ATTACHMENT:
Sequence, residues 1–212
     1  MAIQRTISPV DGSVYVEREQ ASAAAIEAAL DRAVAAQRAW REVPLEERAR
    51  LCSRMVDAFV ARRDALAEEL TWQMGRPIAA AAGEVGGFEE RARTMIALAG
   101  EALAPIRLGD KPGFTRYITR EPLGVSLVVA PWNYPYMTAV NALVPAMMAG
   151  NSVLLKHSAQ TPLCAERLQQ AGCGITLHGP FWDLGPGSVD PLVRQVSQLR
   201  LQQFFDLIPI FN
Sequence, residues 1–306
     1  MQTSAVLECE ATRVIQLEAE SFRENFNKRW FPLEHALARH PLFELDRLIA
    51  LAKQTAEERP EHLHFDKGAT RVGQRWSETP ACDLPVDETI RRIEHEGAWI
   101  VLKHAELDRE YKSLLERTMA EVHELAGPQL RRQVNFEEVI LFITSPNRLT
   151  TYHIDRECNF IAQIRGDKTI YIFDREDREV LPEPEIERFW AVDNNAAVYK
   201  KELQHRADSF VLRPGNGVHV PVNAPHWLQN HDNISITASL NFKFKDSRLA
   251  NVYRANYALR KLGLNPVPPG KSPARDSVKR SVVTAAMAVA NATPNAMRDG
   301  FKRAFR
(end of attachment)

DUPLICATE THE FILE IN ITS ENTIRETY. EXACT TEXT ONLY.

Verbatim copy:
Sequence, residues 1–212
     1  MAIQRTISPV DGSVYVEREQ ASAAAIEAAL DRAVAAQRAW REVPLEERAR
    51  LCSRMVDAFV ARRDALAEEL TWQMGRPIAA AAGEVGGFEE RARTMIALAG
   101  EALAPIRLGD KPGFTRYITR EPLGVSLVVA PWNYPYMTAV NALVPAMMAG
   151  NSVLLKHSAQ TPLCAERLQQ AGCGITLHGP FWDLGPGSVD PLVRQVSQLR
   201  LQQFFDLIPI FN
Sequence, residues 1–306
     1  MQTSAVLECE ATRVIQLEAE SFRENFNKRW FPLEHALARH PLFELDRLIA
    51  LAKQTAEERP EHLHFDKGAT RVGQRWSETP ACDLPVDETI RRIEHEGAWI
   101  VLKHAELDRE YKSLLERTMA EVHELAGPQL RRQVNFEEVI LFITSPNRLT
   151  TYHIDRECNF IAQIRGDKTI YIFDREDREV LPEPEIERFW AVDNNAAVYK
   201  KELQHRADSF VLRPGNGVHV PVNAPHWLQN HDNISITASL NFKFKDSRLA
   251  NVYRANYALR KLGLNPVPPG KSPARDSVKR SVVTAAMAVA NATPNAMRDG
   301  FKRAFR